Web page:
My PM to Don Benito wasn't a great deal different than your own install advice. You just gotta have patience and follow the instructions, but you only have to do it once.



Any initial misalignment of the front bolt should be solved with slight upward pressure beneath the skid plate with a floor jack or bike lift. Once everything is aligned and tightened it will remain that way.



As to the 13mm bolts, I just replaced them with Allen heads of the same thread. Never found the need to mess with the sideguard-to-plate bolts, even after hitting The Bikehalting Iceberg Rock From Hell, OR after this one-point landing from the trail 6 feet above. It's remained an immovable object, drops as easily as the stocker:



 

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I think that it is brilliant how he has left a lot of play in all the components. Everyone's bikes are going to be a little different and this design gives the flexibility to fit the plate to them all. Just got to put the time in. My biggest problem initially was the mesh was in the way of getting a wrench on the bolts. I even tried putting the nuts on the outside with the bolt heads inboard but that was worse. I just had to use some diagonal cutters to remove some of the wire mesh. I didn't have the problem some are having with the wire under motor. Mine went up and under the engine no problem.



Regardless of any install issues it is still the best Eng protection out there. Money well spent in my opinion.
 

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.....I have to take it off to change the oil. I also have to loosen up the left side eng case guard so that I can get the plugs off to adjust TDC when doing the valves.



Still all in all it is a great plate.


You are right it is only 3 bolts to get off to change the oil. I just wish you could get a socket on the standoff bolts rather than the 13mm wrench.



I found I didn't have to remove it to get the TDC view plug out, I only have to loosen the left side bolt and I can bend the side out of the way just enough to get the plug out.
 

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Discussion Starter #11
I think that it is brilliant how he has left a lot of play in all the components. Everyone's bikes are going to be a little different and this design gives the flexibility to fit the plate to them all. Just got to put the time in. My biggest problem initially was the mesh was in the way of getting a wrench on the bolts. I even tried putting the nuts on the outside with the bolt heads inboard but that was worse. I just had to use some diagonal cutters to remove some of the wire mesh. I didn't have the problem some are having with the wire under motor. Mine went up and under the engine no problem.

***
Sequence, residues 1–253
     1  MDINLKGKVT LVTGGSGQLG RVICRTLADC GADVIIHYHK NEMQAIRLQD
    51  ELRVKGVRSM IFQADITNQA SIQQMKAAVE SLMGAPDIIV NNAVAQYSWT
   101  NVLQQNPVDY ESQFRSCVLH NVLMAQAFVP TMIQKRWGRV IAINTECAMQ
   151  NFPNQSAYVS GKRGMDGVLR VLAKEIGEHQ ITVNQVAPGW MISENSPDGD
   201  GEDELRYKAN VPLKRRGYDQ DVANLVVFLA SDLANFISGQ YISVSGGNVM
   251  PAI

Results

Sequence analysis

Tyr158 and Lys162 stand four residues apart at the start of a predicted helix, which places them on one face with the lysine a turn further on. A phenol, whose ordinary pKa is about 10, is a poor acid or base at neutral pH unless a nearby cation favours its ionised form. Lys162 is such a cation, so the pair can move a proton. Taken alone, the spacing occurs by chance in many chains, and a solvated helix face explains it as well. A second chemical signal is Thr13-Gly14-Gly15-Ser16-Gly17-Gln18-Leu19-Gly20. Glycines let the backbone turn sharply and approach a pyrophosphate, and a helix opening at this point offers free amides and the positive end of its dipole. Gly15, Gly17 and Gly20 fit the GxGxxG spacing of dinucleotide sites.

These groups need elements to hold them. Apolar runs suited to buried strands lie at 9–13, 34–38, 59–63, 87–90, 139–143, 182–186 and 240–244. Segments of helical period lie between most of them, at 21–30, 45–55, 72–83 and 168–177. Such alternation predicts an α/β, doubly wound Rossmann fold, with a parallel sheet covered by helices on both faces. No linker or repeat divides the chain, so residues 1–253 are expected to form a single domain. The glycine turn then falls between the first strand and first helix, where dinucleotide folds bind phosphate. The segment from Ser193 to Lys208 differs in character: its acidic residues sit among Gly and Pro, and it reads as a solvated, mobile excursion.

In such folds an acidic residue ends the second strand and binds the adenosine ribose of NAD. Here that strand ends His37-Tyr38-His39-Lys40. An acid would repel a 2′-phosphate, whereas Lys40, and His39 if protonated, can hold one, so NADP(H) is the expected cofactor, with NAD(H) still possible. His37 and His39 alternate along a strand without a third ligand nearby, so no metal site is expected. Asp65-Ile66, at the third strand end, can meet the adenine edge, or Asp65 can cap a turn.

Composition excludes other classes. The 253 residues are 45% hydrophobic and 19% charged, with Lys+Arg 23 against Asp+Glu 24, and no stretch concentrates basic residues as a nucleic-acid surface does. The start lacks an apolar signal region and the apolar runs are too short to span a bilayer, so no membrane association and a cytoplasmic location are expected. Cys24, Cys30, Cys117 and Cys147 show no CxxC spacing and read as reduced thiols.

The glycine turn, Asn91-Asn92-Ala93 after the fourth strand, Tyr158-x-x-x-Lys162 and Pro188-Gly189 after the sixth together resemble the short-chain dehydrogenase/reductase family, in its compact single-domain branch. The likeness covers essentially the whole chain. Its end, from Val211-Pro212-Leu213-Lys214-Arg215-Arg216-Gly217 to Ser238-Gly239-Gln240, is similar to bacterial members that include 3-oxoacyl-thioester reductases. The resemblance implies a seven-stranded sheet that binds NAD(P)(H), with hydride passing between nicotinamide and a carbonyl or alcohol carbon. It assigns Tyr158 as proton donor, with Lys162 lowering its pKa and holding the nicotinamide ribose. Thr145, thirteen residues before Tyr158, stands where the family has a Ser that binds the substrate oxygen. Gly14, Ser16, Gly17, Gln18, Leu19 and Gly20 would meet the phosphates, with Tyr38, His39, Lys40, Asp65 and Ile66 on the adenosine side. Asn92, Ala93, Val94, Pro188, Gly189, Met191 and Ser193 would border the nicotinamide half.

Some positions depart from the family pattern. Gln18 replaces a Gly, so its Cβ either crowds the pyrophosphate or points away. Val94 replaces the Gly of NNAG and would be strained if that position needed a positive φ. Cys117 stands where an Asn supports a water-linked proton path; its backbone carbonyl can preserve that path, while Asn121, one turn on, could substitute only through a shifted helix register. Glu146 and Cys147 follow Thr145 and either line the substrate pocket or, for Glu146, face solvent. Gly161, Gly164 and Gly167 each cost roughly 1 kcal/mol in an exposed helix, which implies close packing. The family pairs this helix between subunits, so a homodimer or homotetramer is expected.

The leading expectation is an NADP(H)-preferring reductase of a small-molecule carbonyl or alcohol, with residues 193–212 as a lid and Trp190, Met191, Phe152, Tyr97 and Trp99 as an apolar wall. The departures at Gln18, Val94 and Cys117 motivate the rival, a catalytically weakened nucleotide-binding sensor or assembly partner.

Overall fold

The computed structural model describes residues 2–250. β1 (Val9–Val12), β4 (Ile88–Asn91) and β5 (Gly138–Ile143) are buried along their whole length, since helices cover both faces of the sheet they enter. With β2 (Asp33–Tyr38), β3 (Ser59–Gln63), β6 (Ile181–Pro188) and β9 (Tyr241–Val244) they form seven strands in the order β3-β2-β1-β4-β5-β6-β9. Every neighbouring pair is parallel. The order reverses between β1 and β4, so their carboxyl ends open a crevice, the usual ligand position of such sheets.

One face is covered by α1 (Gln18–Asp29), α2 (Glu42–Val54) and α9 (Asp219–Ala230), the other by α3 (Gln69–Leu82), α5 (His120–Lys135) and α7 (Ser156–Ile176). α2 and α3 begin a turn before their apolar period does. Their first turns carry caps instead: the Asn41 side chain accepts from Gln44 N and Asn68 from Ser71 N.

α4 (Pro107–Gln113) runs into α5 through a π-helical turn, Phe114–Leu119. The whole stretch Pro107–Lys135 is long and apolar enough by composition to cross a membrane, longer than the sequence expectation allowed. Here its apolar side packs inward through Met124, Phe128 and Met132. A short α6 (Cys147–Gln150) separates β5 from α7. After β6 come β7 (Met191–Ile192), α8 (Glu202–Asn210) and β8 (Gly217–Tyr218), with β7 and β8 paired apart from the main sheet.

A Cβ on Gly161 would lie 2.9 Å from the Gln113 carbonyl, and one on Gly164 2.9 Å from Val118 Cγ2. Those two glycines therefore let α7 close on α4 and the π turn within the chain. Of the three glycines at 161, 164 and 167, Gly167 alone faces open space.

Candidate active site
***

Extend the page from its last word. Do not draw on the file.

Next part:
Regardless of any install issues it is still the best Eng protection out there. Money well spent in my opinion.


Leaving play in all of the components makes sense to me too, there are bound to be slight differences between bikes made over a 26 year span, which makes me wonder why the front mounting hole is the only round hole while all of the others are slots. Would grinding that hole out into a slot like all of the others create any problems?



I don't doubt that bending the plate with the weight of the bike works, it's just that I've got this dremel tool burning a hole in my toolbox!
 

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Glad you got it worked out. The quality of this plate is just too good for it to get an undeserved bad rap.
 

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Leaving play in all of the components makes sense to me too, there are bound to be slight differences between bikes made over a 26 year span, which makes me wonder why the front mounting hole is the only round hole while all of the others are slots. Would grinding that hole out into a slot like all of the others create any problems?



I don't doubt that bending the plate with the weight of the bike works, it's just that I've got this dremel tool burning a hole in my toolbox!


I don't think you need to bend the plate or elongate the hole. What is keeping it from going up is the left over wire loop under the Engine from the old plate. Some people cut that wire loop off. I didn't have to. I just pushed up harder until I could get the front bolt in.



I don't want to give this product a bad rap. I think it is bomb proof as your photos and stories attest to. Just gotta get it on that first time, correctly!
 

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I wasn't implying that you were. Input helps good vendors improve their products, hardware and instructions. I'm sure Tom will be grateful for the headsup, and more grateful that it isn't the product itself.



I've noticed that the last couple of installs reported on here have hit a few snags. Maybe the instructions could be better? Mine are long gone so I really can't say.
 

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For what it's worth I had to break the loop off mine to install the plate, bending it was not enough. I think there is just some variability, most likely in the positioning of the loop. No big deal as you will not be going back to the old plate!
 

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Discussion Starter #16